Posing is a skill that many photographers struggle to master. Not only do you need to find flattering angles, but you need to learn to hide your client’s real and imagined insecurities as well. Many people feel awkward the minute a camera is pointed in their direction and a great portrait photographer knows the tips and tricks to getting their client to not only look relaxed, but feel relaxed as well. A big part of that is knowing how to pose someone from head to toe.
There are many different posing styles, and some actually make a photo look quite dated. Case in point, I just stepped off a three day cruise this weekend and if you’ve ever experienced a cruise, there are many photographers milling about taking photos of you at every opportunity so that you may be enticed to pull out your wallets. Each night, there are backdrops set up all around the ship and photographers trying to take your portrait. We stopped at one of these booths one evening and before we knew it, we were sitting on stools getting our chins angled, our hands clutched, looking off into the distance…at utter nothingness; a classic Olan Mills portrait circa 1991. I wish I had the photo to show you, but I didn’t want to pay the $21.99 for the cheesiest (which, in turn, made it kinda awesome) portrait I’d ever been a part of in this decade.
To become a master poser, you must know the basics. The following audio book is a great guide that covers posing from head to toe. The video is about 75 minutes long and is from a book by photographer Jeff Smith. It covers the little nuances that we sometimes miss when posing. Many of our clients, especially women, have areas where they are self conscious.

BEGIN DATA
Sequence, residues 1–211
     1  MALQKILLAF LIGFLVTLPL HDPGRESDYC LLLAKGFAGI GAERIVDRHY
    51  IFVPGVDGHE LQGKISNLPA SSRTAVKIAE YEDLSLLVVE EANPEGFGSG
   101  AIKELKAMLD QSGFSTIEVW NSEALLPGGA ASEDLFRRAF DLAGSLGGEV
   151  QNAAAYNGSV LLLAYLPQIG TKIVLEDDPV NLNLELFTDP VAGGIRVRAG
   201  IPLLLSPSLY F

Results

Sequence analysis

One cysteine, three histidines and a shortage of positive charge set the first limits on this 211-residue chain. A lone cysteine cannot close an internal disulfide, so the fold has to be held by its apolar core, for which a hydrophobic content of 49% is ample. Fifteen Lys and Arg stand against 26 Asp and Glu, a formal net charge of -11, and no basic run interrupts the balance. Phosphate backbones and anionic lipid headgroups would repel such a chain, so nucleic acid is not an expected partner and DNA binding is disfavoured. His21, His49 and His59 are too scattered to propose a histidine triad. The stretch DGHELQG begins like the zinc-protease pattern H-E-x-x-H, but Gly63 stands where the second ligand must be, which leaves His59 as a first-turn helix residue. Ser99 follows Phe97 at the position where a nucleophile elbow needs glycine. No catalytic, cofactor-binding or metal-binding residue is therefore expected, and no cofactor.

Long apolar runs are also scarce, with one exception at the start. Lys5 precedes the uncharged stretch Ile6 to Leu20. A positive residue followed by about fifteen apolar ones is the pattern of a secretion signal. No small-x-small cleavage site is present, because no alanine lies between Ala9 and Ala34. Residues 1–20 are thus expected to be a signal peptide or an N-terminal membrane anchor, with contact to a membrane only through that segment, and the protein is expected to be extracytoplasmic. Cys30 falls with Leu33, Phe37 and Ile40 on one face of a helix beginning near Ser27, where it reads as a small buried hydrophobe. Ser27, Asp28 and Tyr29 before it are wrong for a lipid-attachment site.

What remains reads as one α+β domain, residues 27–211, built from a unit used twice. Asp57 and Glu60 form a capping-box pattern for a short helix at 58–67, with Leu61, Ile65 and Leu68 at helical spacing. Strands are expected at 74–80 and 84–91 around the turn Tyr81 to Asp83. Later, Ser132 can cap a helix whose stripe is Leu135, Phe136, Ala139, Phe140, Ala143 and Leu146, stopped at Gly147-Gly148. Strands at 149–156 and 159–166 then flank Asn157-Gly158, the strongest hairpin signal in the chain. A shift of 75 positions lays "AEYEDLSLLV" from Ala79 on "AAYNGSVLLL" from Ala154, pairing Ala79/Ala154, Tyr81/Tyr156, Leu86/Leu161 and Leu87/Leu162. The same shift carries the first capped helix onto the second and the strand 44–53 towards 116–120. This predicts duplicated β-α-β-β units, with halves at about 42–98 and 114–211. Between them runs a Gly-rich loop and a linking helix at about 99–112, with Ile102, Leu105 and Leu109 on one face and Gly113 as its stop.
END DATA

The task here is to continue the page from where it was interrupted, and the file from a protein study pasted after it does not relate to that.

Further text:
One of the most helpful things that I do is just ask my clients before a session begins if there are any “problem” areas that they would like me to help them hide. All of them have been very honest with me; whether it’s their arms, chin, stomach, or hips, they are always quite open to informing me what they dislike about themselves. Whether I see those areas or not, your clients do and I’m willing to bet that they immediately will zero in on that part they deem offensive when they see your portraits.
The video has some really valuable information that covers posing from the head, hands, fingers, legs, hips, and toes to flattering seated, standing and lying positions etc. Though the canned Hollywood narration is a bit much at times and the processing is more reminiscent of the trends in photography from a few years ago (ahem, selective color), the posing techniques are quite useful and accurate.
If you’re someone who is struggling with posing people, this is a good place for you to start. If you are looking for more information on posing couples, check out our articles on foundation posing for couples.